A new approach from Steelcase suggests that it could be a little of both.
Whenever we write about open offices, I get serious pushback from writers of words and writers of code, who complain that they work better in private offices. My arguments that open offices are better for the exchange of ideas and for cooperative work fall on the deaf ears of people who, like Greta Garbo, just vant to be alone.
But a new study from office furniture manufacturer Steelcase, "Creativity, Work, and The Physical Environment," is actually pretty persuasive in making the case that one size does not fit all, and that different kinds of work need different conditions. Chris Congdon, director of Global Research Communications for Steelcase, tells Fast Company:
Historically, we’ve thought we design one space for people to work in that’s going to meet all their needs. But creative work doesn’t look like this at all. It’s about a fluid, iterative process, spaces for focused work, idea incubation, and ideation as a team.
Now I normally run from anyone who uses words like "ideation", defined as "the formation of ideas or concepts" or what I call "thinking", but others claim that it is different, that it is collaborative thinking, "a technique that involves both the left and right sides of the brain to allow breakthroughs from entrenched habits of thought and persistent difficult problems. It also helps participants avoid the circular thinking of channeling ideas along a constrained path that often occurs when individuals brainstorm together." OK.
One reason I am fond of open offices (see Open offices for all; it is more flexible, adaptable and green), which I noted in my look at the open office of the new Apple Park, is that connection to nature, to the exterior, is important. Steelcase writes these words that I certainly agree with:
Environmental cues that frame “long views” can trigger new ways of thinking: Broad vistas, high ceilings and having the ability to move through different physical perspectives can prime your brain to make new connections and see things in new ways. Exposure to nature and sunlight releases endorphins in the brain that improve your mood and diffuse your attention, supporting your ability to flow across many different ideas and imagine alternative approaches.
That’s hard to do in a private office. And at other times, you need other conditions:
Creativity requires time alone as well as time together. Intervals of physical and mental separation from a group enables individuals to connect their thoughts in new ways and allows for spontaneous insights to emerge. In later stages of the process, individual focus work is critical for building out visions and executing plans.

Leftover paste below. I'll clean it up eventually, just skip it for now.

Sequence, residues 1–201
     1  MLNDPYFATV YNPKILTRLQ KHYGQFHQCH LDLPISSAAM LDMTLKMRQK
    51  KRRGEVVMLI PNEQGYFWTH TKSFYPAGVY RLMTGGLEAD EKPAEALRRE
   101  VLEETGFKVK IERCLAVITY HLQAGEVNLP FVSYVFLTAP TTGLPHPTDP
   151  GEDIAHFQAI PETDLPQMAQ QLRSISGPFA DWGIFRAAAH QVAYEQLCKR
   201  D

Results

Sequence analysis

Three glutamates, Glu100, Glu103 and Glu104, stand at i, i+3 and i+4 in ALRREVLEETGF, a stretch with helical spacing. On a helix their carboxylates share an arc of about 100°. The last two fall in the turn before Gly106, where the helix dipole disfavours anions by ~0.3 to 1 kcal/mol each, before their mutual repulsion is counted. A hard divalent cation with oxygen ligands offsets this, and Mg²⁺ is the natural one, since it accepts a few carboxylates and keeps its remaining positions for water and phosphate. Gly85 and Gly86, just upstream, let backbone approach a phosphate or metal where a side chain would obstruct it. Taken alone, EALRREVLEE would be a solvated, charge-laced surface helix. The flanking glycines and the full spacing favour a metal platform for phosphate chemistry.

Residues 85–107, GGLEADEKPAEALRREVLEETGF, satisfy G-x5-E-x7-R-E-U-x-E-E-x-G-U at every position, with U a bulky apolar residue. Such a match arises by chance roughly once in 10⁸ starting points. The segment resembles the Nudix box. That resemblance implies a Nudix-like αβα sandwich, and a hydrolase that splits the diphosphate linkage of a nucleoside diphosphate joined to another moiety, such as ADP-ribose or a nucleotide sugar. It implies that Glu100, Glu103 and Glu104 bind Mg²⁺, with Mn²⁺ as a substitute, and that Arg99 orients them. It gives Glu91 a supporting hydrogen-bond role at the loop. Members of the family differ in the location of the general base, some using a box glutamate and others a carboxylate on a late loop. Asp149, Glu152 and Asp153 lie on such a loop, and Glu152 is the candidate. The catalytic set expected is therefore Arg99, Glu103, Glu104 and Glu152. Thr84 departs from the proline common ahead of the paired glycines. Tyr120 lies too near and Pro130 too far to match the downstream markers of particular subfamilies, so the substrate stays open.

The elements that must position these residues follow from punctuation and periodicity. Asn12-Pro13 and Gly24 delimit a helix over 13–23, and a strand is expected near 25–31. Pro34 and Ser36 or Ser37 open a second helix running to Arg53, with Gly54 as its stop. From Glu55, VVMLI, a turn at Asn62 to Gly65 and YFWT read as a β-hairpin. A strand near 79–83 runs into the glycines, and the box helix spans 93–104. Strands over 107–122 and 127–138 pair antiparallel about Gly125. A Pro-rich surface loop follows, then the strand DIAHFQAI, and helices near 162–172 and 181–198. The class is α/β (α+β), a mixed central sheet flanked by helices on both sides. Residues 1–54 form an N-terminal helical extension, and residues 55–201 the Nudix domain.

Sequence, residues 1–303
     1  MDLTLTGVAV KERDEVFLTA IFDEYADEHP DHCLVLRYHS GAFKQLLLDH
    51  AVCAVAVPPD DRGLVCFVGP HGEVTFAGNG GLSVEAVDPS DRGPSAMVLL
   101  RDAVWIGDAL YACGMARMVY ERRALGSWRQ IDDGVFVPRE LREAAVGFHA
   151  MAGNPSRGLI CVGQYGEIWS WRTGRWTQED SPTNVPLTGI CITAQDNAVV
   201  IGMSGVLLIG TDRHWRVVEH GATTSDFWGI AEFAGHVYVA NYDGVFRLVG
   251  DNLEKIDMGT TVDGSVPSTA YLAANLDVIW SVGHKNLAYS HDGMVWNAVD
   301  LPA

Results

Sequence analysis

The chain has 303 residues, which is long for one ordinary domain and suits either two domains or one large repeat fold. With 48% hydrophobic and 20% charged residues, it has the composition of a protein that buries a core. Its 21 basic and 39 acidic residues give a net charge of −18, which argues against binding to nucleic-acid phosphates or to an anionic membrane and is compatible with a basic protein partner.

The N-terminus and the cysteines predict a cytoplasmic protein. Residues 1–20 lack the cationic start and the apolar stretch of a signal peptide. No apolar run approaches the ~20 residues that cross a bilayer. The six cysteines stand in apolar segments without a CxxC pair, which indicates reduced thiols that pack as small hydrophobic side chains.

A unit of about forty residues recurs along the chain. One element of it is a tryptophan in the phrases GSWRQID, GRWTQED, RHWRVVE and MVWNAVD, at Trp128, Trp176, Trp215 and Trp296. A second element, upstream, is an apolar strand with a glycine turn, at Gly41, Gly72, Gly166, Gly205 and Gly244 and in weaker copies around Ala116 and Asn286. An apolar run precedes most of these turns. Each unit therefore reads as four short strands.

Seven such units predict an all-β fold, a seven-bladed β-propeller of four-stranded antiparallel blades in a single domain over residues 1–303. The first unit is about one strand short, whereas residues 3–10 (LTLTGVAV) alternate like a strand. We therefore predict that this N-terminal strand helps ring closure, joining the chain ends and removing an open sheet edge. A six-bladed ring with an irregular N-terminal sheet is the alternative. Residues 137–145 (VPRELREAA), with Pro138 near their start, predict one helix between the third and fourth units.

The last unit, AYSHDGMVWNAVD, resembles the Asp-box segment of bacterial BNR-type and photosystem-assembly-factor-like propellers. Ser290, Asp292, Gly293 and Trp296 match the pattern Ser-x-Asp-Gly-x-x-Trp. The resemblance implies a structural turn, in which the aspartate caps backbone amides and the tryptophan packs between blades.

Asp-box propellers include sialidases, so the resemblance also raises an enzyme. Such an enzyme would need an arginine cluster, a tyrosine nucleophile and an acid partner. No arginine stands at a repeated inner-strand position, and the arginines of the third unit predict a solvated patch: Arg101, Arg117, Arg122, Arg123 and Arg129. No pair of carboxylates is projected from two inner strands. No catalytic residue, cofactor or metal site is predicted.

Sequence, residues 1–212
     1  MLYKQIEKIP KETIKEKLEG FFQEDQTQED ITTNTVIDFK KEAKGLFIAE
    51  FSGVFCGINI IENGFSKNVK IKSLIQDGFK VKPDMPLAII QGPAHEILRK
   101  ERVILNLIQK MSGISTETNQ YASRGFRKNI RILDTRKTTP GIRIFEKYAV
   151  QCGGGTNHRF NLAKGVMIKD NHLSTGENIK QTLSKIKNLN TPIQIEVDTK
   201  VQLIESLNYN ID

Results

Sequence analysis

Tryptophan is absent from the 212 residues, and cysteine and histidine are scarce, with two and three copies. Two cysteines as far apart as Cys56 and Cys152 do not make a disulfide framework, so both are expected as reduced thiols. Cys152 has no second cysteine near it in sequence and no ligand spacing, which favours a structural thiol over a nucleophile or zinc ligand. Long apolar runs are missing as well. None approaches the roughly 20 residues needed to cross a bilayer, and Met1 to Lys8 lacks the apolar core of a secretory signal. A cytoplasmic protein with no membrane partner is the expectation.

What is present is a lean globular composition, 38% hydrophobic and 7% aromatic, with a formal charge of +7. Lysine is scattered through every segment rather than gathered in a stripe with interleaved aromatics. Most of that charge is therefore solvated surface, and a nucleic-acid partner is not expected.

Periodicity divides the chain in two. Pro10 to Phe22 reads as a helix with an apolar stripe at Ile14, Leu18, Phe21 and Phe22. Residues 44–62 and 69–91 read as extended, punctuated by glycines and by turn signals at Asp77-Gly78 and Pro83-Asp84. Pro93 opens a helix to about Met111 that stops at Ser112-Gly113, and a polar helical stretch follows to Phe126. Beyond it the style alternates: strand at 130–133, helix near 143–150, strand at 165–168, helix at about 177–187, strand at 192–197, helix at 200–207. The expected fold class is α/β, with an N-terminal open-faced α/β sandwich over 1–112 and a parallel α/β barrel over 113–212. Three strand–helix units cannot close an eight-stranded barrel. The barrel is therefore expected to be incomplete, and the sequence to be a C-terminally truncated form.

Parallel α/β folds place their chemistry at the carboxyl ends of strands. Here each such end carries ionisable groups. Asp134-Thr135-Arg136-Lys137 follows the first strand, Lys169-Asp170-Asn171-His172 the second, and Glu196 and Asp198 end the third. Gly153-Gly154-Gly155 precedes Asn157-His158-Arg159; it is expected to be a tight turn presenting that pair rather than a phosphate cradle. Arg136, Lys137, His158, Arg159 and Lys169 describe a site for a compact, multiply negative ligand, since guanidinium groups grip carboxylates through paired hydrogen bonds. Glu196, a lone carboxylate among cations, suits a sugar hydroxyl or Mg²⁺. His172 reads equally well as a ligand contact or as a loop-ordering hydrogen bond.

So Steelcase proposes a range of spaces that one moves among:
Focus Studio: (shown at top of post) owned or shared enclaves that allow an individual user to focus and get into flow; the space may also support a visitor for a short-term collaboration session.
Maker Commons: open, social spaces that encourage idea generation and sharing, allowing creative experiences to flow from collaboration and focus into informal and serendipitous exchanges.
Ideation Hub: setting that supports a team’s generative collaboration sessions in enclosed and open spaces.
Duo Studio: a shared space for individual focus and paired co-creation; each space invites others in for a quick review and rapid iteration.
Respite Room: a private space that allows users to balance active group work with moments of solitude or relaxation to improve their wellbeing or let ideas incubate before sharing with a larger group.
The difference between some of the spaces seems subtle to me. The Ideation Lab and the Maker Commons are both big rooms where people get together, the Focus Studio and Respite Room both variations on a private office. They all have big Microsoft Hub Surface thingies on the wall because Microsoft was a co-sponsor. But the key message that comes from Steelcase’s Congdon is one that makes total sense:
Our attitude is, ‘You’re an adult, you can choose the best space for you to do whatever work you need to do.’ You’re held accountable for results, not whether I can see you at your computer. That’s a big culture shift for a lot of organizations because it’s about trust.
Thats right nobody has ever written anything worthwhile in a newsroom.— John Barber (@loklyokl) August 10, 2017
That’s the key concept. What works for Allison Arieff doesn’t necessarily work for John Barber, even though they both have spent their careers writing. What works one morning may not be appropriate the next afternoon. This is smart